Sunday, 11 May 2014

We care about what we do - a Lego Lesson

Sometimes in work you can feel like a cog in a wheel, working away on your specific task, over and over again without ever seeing the finished product. This could be an admin assistant processing orders or marketing material or it could be a computer programmer writing server side functions for some application.

Dan Ariely, working with Harvard University has thought about this and asked the question, “Does Seeing the fruits of our labour may make us more productive?”

The researchers had participants build characters from Lego’s Bionicles series. All the participants were paid decreasing amounts for each subsequent Bionicle: $3 for the first one, $2.70 for the next one, and so on. However, one group’s creations were stored under the table and disassembled after the experiment. The other group’s Bionicles were disassembled as soon as they’d been built. They were built, taken apart and built again and again and again. “This was an endless cycle of them building and we destroying in front of their eyes,” Ariely says. This is not unlike Paul Newman digging and filling in the hole in the classic movie ‘Coolhand Luke’.

The results between the two groups were very interesting. The first group (who saw the end product which remained intact) made 11 Bionicles, on average, while the second group made only 7 before they quit (in case you are wondering Paul Newman quit digging the hole too).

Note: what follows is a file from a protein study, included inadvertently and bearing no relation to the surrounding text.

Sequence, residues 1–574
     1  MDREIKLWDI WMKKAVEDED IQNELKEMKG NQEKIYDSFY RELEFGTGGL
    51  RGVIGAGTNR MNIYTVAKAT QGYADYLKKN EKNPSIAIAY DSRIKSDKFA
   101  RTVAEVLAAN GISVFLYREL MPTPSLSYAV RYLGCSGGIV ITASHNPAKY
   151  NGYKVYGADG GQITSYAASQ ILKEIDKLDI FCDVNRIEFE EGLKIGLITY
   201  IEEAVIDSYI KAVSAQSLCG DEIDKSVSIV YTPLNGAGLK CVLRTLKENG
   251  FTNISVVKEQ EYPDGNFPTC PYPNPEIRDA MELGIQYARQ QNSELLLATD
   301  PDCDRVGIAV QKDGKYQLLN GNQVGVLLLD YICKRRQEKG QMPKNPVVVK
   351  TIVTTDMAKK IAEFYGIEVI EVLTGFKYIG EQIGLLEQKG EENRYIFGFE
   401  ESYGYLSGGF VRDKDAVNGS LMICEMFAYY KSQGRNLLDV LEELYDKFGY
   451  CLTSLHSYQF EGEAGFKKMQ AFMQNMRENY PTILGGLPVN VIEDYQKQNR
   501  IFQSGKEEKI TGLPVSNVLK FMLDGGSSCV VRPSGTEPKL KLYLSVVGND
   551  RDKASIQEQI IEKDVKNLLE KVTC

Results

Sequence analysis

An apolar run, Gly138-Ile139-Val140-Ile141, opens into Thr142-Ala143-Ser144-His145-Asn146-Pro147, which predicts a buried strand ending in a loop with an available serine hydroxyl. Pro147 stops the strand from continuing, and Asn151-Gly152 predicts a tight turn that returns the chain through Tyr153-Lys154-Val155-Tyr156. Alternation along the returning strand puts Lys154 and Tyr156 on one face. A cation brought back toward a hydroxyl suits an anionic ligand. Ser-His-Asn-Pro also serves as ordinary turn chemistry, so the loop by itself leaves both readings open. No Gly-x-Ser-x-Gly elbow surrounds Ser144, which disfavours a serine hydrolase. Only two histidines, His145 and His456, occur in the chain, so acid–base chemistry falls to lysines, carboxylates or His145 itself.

The point here is that while reward did not differ i.e. one group were not paid more or had better working conditions or other motivational perks, seeing the fruits of their labour seemed to lead to greater productivity and a willingness to keep on going. Just being given the same task over and over with no tangible end product to look at, seemed to dull enthusiasm and results. You could speculate that this group may have felt that they were just assembling but not really creating anything.

The lesson here for the work place is that we may need to think of work as less of an assembly line where each person does their bit and instead give staff a chance to see what their contribution creates. That could be allowing admin staff to see marketing feedback or meet with clients and see the difference they make in getting a sale. It could be having the computer programmer seeing how safe, fast or easy their functions make the system for end users.

This could explain why some start ups find it easier to get staff to work long hours, take on multiple tasks, often with minimal additional financial reward. I’ve worked in a few start ups where this was the case. Perhaps in these scenarios, staff see the difference they make to the big picture, growing the company and building a product that end users enjoy. To paraphrase Ariely, “They see the fruits of their labour”.

Make some time for staff to see the point and end product of their work. Efficiency is more than figuring out ways to doing more stuff. How we think about our jobs and what works means to us plays a big part in motivation which in turn drives job satisfaction and productivity.

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